STEPS BEING TAKEN TO CLEANSE LEGIONELLA BACTERIA
FROM COOLING SYSTEM AT DEP HEADQUARTERS
No Illnesses Reported
(12/P78) TRENTON - The Department of Environmental Protection today announced that contractors are testing and chemically treating a recently installed cooling tower atop the Department’s 401 East State Street building in Trenton to address traces of the legionella bacteria. The mere presence of the bacteria does not present a health or safety hazard to employees at this time and, in fact, is not uncommon in building cooling systems, according to the state Department of Health.
There have been no reports of illness or symptoms of Legionnaire’s disease, the illness which can develop from infection by a strain of the legionella bacteria.
The presence of the legionella organism in water systems is not necessarily hazardous if addressed appropriately, as is being done at the DEP, in consultation with DOH and other knowledgeable authorities. In fact, standard federal and DOH protocol does not recommend evacuation of health care facilities when the mere presence of legionella is confirmed. The organism only becomes a potential health hazard when it generates strain of bacteria that creates Legionnaire’s disease, a form of pneumonia.
“The DEP is absolutely dedicated to protecting the health and safety of all its employees and our visitors,’’ said Commissioner Bob Martin. “We will work through the weekend as needed to ensure that we are dealing with only a routine issue and nothing more serious.’’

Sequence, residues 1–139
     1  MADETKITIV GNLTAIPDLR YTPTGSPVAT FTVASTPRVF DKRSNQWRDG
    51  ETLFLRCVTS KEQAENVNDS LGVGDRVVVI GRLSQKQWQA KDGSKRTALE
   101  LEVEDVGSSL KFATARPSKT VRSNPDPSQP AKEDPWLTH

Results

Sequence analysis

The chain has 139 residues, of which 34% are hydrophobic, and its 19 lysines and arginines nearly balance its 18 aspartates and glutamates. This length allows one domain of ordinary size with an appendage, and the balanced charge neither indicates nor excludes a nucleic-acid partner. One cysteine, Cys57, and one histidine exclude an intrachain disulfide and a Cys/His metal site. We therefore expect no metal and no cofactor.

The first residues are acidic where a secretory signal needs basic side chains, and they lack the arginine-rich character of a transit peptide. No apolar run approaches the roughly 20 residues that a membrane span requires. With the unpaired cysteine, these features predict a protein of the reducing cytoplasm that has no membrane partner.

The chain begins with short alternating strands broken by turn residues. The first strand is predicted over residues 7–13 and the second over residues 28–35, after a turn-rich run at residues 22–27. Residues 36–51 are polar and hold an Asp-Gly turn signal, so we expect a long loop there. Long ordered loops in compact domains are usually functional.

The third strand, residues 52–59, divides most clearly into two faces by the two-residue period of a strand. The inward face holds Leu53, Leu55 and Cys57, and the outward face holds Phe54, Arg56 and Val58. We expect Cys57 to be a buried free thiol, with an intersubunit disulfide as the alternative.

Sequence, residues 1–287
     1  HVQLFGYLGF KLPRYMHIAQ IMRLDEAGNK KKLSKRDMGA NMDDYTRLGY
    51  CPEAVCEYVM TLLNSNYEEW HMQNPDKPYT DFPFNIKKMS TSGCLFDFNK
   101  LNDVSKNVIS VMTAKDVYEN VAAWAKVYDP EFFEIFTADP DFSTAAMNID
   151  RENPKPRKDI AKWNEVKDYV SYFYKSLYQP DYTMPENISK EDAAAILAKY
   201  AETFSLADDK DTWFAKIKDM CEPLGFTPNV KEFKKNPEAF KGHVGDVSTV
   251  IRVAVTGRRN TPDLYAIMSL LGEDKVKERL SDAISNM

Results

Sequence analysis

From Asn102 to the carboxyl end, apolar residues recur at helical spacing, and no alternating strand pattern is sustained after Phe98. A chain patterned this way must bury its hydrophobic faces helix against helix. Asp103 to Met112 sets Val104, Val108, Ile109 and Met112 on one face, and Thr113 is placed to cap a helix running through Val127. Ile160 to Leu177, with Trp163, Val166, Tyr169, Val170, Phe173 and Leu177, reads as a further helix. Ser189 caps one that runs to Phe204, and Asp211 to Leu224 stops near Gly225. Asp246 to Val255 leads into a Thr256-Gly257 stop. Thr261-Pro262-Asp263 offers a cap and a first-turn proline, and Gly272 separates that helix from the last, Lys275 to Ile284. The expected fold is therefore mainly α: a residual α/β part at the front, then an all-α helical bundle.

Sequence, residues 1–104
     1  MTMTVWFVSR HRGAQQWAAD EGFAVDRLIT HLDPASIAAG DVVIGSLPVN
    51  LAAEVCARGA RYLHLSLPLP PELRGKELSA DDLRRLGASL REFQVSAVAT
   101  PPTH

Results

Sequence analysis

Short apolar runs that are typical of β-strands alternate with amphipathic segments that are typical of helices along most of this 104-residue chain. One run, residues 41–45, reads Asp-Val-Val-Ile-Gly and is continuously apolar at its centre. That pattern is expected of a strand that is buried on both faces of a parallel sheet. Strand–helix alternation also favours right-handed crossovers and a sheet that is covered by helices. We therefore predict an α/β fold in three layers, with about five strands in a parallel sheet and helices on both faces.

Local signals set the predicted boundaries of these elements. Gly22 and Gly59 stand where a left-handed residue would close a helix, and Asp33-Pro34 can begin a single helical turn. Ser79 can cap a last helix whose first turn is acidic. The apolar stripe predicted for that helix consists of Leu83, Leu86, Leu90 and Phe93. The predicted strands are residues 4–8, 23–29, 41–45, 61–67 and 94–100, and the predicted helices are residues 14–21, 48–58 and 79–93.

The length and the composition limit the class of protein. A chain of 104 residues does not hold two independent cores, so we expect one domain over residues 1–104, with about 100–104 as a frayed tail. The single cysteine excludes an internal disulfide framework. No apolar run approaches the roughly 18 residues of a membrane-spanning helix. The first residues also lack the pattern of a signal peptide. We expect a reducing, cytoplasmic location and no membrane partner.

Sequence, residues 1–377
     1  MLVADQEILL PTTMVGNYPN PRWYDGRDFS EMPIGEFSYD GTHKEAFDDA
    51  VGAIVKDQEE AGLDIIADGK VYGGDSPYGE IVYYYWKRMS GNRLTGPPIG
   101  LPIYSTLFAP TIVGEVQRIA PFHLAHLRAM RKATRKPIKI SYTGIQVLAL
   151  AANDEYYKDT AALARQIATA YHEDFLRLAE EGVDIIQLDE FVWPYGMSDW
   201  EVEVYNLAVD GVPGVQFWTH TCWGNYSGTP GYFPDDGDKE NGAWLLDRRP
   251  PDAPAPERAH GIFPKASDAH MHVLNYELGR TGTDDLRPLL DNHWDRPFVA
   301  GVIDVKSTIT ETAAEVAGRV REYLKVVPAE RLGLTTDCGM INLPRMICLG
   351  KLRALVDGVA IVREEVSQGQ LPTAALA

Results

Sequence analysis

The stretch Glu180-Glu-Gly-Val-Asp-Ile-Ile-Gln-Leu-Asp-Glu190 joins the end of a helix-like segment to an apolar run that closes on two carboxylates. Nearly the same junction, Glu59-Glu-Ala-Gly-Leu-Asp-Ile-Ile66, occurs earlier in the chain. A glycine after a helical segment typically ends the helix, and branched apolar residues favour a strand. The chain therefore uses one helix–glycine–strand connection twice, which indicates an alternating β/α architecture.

DEP employees were informed of the finding this afternoon. Following normal response protocol, a water treatment contractor is on site today to “shock” the water and administer biocide chemicals. They also are installing a pumping system to continue to administer the biocide for one week to be followed by a thorough draining, flushing and cleaning of the entire cooling tower system.
At this time, the DEP building is expected to open Monday for normal business hours.
Samples are being taken from water in the cooling system to determine the exact strain of legionella bacteria that is present. As a further precaution, samples also are being taken in the ductwork of the 401 East State Street building to determine if there is any presence of legionella bacteria in the air system. Results of testing and sampling should be known within 48 hours.
The DOH is routinely contacted by health care facilities and other entities serving the public hen they have detected the legionella bacteria in their cooling systems. Neither state nor federal protocol calls for the evacuation of public buildings or health care facilities upon the mere finding of legionella organism. Below are links to FAQs from the Department of Health and the federal Centers for Disease Control.